After 42 years of dedicating his life to saving others, Roger Martin has retired from the Linton Hospital and the Emmons County Ambulance Service.
Because of the COVID-19 pandemic and calls for social distancing, Martin asked there not be any fanfare over his retirement — no party, no special get-together or celebration.
He just very quietly walked away.
Yet, those who know Martin feel he is worthy of something more than a quiet departure.
“He is one of the most competent paramedics within the three-county area, possibly even in North Dakota,” said Linton Hospital CEO Robert Black, offering high praise for a man who made a career out of habitually praising and recognizing others.
Martin has been the paramedic in Emmons County since almost the very beginning of the ambulance service there, going back to 1978.
A lot has changed since then, except for Martin’s philosophy of service and life.
“It’s helping other people, it’s being able to help other people and to see that you are actually doing some good in the world,” he explained.
In smaller communities, those first on the scene of an emergency are usually responding to calls from family and friends.
Martin says knowing that has always made him try harder — every call, every time, for the last 42 years.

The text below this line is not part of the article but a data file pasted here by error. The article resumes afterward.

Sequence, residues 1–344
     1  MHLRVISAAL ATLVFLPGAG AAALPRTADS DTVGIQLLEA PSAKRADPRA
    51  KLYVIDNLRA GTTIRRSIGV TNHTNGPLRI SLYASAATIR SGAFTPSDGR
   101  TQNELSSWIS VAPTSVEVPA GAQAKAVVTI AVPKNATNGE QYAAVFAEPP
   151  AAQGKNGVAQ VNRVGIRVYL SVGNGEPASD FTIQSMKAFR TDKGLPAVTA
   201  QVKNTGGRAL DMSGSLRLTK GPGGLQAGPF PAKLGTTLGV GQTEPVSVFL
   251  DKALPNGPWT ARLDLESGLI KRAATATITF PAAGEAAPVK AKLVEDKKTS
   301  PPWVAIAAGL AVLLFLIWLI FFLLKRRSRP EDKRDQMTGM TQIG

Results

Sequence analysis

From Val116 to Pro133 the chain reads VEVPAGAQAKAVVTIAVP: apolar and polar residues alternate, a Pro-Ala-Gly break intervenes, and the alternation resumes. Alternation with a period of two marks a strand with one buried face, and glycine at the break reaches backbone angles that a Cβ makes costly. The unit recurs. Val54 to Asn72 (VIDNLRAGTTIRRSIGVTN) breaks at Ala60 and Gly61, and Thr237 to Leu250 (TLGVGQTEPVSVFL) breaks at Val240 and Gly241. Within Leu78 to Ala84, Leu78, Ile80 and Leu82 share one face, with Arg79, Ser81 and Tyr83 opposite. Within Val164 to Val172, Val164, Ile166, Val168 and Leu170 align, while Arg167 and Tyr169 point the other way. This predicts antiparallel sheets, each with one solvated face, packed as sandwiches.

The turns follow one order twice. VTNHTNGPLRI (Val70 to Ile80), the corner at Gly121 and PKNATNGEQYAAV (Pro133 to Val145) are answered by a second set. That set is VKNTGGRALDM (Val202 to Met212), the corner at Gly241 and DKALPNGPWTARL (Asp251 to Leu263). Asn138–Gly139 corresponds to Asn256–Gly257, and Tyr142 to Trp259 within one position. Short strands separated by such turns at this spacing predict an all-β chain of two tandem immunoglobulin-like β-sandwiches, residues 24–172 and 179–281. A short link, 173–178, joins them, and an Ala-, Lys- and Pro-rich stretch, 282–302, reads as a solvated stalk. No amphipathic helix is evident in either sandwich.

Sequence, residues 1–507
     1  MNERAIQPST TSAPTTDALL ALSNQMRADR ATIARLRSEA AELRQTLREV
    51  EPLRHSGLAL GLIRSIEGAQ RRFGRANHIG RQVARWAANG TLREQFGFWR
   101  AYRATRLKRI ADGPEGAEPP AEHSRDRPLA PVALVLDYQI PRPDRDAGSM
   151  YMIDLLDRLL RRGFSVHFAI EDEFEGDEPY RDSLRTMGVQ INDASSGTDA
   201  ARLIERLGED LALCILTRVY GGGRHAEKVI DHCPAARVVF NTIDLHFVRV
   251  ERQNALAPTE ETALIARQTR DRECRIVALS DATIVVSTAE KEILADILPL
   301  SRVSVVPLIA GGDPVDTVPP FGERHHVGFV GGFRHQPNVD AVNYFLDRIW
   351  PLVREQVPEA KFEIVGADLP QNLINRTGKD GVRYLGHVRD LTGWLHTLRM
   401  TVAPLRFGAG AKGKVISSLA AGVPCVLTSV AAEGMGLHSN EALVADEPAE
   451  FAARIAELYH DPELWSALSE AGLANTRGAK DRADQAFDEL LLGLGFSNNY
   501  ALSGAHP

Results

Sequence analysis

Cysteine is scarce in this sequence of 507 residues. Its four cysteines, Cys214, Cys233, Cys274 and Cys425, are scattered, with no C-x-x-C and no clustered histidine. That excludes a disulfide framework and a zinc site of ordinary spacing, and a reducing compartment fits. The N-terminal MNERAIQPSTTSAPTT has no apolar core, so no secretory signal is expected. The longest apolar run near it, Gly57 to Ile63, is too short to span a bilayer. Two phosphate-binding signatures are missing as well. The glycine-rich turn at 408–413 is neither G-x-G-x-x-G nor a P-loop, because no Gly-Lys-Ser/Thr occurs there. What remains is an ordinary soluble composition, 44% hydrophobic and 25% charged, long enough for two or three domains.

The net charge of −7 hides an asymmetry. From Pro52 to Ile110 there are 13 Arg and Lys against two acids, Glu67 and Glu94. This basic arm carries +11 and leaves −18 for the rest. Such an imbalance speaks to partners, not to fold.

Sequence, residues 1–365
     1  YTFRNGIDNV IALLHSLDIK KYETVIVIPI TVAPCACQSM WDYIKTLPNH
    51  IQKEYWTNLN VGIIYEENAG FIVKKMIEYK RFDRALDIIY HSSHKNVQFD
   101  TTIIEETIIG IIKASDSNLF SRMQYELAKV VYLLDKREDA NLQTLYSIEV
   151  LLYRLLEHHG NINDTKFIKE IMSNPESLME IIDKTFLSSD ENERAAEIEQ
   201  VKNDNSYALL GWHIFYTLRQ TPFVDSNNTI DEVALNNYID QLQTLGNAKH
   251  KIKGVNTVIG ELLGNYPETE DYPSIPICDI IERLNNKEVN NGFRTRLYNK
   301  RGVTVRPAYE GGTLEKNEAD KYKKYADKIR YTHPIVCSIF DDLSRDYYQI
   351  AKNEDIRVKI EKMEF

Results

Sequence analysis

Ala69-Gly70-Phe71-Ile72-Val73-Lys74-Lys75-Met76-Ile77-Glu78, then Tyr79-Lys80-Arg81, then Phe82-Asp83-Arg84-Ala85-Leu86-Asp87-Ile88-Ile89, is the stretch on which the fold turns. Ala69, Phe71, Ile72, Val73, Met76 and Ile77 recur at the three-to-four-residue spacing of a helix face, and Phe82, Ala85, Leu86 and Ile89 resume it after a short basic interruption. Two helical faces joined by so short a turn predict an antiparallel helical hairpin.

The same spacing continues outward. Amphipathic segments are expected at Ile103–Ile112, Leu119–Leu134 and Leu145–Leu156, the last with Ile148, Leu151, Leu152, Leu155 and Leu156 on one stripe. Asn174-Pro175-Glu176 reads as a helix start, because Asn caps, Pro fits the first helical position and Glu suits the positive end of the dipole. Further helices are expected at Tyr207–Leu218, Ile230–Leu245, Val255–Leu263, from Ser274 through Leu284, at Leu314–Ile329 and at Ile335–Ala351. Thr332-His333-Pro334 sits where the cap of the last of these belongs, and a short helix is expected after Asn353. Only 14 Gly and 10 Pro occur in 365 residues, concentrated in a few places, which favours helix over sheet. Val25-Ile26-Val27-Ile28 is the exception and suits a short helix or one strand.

And when his retirement became known, it prompted cards and letters from grateful people whose lives were touched in some way by Martin.
Hundreds of handwritten notes, hundreds of Facebook messages:
- “I will never forget when you were the first one to answer the call when my dad passed away.”
- “I never saw you rattled, your dedication helped so many.”
- “You were always so calm.”
Stacks of gratitude from those he had mentored.
“Thank you’s” for his time, his service and style, and his grace.
“I’m gonna miss the people, my compadres and my partners,” Martin admitted.
But in the next breath, he says the incoming paramedics are stronger, better, and smarter.
“The hospital will get along without me,” he said.
The people of Emmons County would disagree.
“We’re happy for him that he’s retiring, but it leaves a huge hole in our ambulance, in our paramedic operation,” said Black.
Black points out the Emmons County Ambulance is an ALS Service, meaning it is an advanced life support service.
It’s the only one of its kind south of interstate to the Minnesota border.
He credits Martin for building the department up to that level.
A side note: As part of our KX Gives Back program, we asked Martin what we could do for him.
Of course, he wanted nothing.
So we added our voice to the hundreds who have said, “Thank you — for everything.”